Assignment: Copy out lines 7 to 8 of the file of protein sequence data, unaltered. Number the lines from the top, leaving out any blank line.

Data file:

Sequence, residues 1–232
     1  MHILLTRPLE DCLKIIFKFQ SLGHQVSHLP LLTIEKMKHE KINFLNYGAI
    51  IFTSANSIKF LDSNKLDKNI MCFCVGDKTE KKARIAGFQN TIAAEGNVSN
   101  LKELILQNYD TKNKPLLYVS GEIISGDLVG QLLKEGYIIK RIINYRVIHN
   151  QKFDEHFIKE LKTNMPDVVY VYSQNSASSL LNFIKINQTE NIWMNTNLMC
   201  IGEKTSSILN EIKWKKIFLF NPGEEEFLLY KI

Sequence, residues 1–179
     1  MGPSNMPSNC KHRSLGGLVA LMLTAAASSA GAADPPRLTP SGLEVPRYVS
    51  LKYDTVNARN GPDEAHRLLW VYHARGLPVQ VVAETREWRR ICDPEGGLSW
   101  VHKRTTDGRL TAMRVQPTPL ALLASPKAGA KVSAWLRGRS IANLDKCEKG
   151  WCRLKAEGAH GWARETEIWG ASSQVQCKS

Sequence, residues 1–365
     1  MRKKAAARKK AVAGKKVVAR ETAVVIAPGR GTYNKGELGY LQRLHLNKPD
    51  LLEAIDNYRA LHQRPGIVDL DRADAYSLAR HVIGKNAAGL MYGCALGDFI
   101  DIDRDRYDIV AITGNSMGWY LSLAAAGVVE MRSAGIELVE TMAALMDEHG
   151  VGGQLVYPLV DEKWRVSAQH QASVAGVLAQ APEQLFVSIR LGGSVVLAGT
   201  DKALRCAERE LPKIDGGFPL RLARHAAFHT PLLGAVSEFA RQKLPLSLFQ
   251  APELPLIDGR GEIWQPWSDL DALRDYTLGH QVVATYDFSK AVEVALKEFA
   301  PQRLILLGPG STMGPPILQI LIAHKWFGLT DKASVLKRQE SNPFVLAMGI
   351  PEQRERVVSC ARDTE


Sequence, residues 1–179
     1  MGPSNMPSNC KHRSLGGLVA LMLTAAASSA GAADPPRLTP SGLEVPRYVS